plan view

An earlier option dead-ended Iris on either side of the transitway-come-LRT alignment, with a pedestrian overpass, which would have cut out a lot of through traffic through the west end neighbourhood. But the plan now shows Iris rising up and over the in-a-shallow cut LRT line. The Iris overpass will allow the west side multi-use pathway through the parkland to go under Iris, thus avoiding the current intersection. The current east-side pathway will then terminate at Iris.

The station itself will remain dead simple: two open platforms, accessed by long ramps from Iris, no stairs or elevators required. Passenger pick up and drop off points and bus stops will be located at the ends of the Iris bridge.

aerial view




17 thoughts on “WLRT Stations, part iii, New Lincoln Fields, new Iris Stations

  1. Wait.. Why would Lincoln Fields be a less major transfer station than it is now? I think it would be more major, given that more buses would likely terminate at Lincoln Fields… Hurdman on the other hand will be less major.

    1. The transitway has waaay fewer potential transfer points from local bus to rapid city-wide transit services. More stations = more transfer points. Extending the LRT to Bayshore and Baseline (someone please rename that Algonquin or College) means fewer transfers at Lincoln. Instead, major transfer points will be at Baseline and Bayshore — see upcoming story on that.

      1. I don’t know… I have always used Lincoln Fields the most, and a lot of people transfer at Lincoln Fields to go to Baseline to take another bus and vice versa… The 85 is a popular route and the 97 is also a common route. After LRT is extended west to Baseline and Bayshore, based on where I have lived in Ottawa, I still expect to use it as my most major station… And still expect that those making the same connections will continue to do so.

        1. No doubt Bayshore and Baseline will be more major transfer stations than they have ever been (they both already are) ! That doesn’t mean Lincoln Fields will be less major than it already is! When I was in Vancouver area, it seemed Bridgeport Station (similar to Lincoln Fields in this context) was the most major Skytrain Station in Richmond!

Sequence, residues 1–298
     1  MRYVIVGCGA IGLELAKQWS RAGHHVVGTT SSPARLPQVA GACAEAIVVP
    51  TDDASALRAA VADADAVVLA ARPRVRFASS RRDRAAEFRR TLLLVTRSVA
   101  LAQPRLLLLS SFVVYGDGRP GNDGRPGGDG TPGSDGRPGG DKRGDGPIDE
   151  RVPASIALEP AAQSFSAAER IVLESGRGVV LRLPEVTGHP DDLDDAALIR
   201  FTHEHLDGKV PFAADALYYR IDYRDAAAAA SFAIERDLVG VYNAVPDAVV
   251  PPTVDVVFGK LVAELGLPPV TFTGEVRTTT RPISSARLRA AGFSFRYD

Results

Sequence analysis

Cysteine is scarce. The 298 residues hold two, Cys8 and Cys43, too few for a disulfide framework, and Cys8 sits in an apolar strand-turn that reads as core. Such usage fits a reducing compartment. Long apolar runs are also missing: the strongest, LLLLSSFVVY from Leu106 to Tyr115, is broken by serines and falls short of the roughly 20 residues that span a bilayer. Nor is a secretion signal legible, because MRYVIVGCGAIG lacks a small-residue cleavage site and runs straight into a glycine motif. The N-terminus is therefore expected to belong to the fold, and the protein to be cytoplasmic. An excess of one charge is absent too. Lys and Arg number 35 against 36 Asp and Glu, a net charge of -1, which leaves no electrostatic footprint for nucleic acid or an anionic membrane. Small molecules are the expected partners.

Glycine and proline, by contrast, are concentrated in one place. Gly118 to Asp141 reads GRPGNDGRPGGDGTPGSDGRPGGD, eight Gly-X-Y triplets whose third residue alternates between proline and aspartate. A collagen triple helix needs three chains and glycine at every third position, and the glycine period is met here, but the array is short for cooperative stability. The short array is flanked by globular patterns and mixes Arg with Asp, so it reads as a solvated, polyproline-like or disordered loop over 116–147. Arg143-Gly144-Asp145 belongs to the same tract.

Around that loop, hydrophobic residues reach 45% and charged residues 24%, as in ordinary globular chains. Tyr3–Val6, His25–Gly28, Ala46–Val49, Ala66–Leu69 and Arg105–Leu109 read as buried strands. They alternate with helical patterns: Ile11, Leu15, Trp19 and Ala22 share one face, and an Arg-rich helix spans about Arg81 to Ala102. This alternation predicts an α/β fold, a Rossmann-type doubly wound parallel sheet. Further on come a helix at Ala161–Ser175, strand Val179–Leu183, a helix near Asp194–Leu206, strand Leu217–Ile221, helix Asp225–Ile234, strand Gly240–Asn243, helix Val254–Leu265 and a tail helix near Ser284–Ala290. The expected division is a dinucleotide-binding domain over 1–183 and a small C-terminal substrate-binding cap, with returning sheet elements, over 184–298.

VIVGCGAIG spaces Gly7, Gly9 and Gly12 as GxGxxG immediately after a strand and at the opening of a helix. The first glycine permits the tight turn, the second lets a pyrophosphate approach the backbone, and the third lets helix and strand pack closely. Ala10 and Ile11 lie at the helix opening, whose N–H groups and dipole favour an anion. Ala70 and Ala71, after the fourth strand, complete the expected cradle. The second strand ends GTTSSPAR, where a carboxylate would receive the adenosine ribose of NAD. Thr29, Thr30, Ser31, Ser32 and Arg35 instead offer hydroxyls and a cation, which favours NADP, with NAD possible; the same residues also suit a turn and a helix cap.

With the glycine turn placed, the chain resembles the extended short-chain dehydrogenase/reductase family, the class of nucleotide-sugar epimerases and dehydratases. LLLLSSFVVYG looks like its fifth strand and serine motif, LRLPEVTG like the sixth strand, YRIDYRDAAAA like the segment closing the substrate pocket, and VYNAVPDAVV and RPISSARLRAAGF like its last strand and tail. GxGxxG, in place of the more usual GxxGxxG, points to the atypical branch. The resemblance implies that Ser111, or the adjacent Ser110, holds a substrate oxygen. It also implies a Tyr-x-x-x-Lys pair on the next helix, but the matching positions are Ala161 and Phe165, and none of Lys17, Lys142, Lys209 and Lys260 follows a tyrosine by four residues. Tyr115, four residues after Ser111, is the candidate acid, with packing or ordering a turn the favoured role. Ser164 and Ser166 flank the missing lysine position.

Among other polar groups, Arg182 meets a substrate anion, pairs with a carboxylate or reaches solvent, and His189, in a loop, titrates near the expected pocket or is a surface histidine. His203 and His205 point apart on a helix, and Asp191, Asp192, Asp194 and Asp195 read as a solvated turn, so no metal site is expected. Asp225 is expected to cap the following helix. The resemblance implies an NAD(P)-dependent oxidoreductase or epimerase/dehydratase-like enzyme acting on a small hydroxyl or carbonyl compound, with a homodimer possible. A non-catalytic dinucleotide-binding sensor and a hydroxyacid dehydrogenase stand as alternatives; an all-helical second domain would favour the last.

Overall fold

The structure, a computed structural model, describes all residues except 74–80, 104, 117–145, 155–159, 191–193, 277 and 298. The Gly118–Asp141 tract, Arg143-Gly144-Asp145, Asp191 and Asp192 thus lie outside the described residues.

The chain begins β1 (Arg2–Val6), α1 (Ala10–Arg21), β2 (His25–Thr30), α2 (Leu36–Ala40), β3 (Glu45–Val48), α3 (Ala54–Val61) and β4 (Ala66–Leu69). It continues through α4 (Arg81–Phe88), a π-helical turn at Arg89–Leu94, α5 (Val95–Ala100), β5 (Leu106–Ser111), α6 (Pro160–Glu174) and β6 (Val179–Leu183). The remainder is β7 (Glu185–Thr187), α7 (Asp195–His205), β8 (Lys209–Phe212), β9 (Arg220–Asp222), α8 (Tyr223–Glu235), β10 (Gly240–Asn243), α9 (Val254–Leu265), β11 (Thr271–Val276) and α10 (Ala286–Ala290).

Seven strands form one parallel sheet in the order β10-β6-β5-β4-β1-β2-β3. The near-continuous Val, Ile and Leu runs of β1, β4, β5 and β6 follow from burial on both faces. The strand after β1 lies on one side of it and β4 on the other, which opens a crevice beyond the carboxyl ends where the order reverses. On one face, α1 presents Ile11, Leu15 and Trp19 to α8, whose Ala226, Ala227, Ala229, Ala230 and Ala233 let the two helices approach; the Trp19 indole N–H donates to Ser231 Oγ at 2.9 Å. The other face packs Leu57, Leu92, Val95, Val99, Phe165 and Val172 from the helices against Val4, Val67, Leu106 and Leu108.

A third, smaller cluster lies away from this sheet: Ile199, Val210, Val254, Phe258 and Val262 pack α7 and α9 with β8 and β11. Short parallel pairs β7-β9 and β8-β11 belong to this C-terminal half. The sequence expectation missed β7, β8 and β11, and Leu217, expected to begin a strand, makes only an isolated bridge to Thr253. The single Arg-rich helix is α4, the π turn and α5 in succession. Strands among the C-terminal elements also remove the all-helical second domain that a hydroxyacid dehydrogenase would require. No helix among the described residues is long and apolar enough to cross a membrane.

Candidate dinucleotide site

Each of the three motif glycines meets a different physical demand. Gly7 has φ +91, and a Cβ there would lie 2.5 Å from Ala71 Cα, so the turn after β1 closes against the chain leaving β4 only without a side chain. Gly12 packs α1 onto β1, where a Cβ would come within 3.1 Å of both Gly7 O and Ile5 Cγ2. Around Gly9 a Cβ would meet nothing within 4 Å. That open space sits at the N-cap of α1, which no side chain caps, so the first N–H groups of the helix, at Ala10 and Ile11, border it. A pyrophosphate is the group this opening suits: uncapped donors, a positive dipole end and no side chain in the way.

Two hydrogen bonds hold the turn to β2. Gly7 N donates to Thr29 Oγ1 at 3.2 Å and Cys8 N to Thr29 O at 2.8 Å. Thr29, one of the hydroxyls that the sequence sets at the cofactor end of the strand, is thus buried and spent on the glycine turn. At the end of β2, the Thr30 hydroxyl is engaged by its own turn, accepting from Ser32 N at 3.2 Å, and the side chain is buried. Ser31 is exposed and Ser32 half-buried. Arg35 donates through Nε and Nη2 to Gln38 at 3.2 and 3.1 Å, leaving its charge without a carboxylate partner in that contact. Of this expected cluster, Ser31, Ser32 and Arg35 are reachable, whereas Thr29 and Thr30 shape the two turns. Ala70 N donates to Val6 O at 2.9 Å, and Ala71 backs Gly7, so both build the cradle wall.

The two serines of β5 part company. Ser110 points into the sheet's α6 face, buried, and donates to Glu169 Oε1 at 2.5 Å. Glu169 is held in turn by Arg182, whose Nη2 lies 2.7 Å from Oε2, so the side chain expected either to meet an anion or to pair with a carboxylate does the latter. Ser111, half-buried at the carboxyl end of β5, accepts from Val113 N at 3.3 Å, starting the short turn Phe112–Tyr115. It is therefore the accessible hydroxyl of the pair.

2. Don’t be distracted by current bus routes. Pretty much every route will be rejigged to end at one of the major rail stations designed for bus/rail connectivity.

          1. Oh, in this case most of the routes serving Lincoln Fields generating transfers at the station are mainline routes that are separated from the transit way… So I am speaking directly to that passenger volume flow… No reason the 85 won’t continue its current route on Carling or the 16 to Brittania and Dovercourt.. Or the 2 on Richmond.

  2. Just looking at all the single family housing in the plan views illustrates the folly of the whole route choice for a rail based transit system, build in a ravine and through a major riverside linear park. It should have gone on Carling.where there is actually a continuous band of demand, and could of course still have served the transfers from the suburbs at the line ends. But the choice was not logic but the path of least resistance. And on top of that we are going to spend money to bury the system/

    1. Personally I expect that the LRT lines will be full from Bayshore, Baseline and Place d’Orleans. The reasons? The park and ride lot at Eagles on is at capacity, Barrhaven is an ever growing community, and Orleans has the most transit users. I’ve also seen where an agency wants higher capacity trains going through any area that is a similar route alignment to the western LRT extension, with comparable density.

  3. That decision to follow and extend the transitway route is done and over. There is still lots of potential for intensification near each LRT Station. The Lincoln Fields shopping centre for one; the old CBC site near Westboro Station for another as well as the Scott strip from churchill to Lanark … the IKEA site is huge and mostly empty (ie parking lot) and there is space around the Citizen plant and all along Queensview. The SFD neighbourhoods will see more gradual intensification as that is what is politically saleable, but intensify they well. Starting this summer, one can sever corner lots ,… and 1970’s mini strip malls are great apartment sites with stores on the street level. College Square area has huge potential, as most pad retail stores have a 10 year amortization and 20 year maximum life expectancy. And look at all the space around the city’s constellation square site, already zoned for additional office buildings. The LRT route will change the city’s growth dynamic, but it wont happen in one day.

  4. Re: the ramp in the SE quadrant at Carling and the Parkway

    This ramp wasn’t “to be the main off ramp of the Parkway, for cars to go east to Woodroffe and then south to Barrhaven”.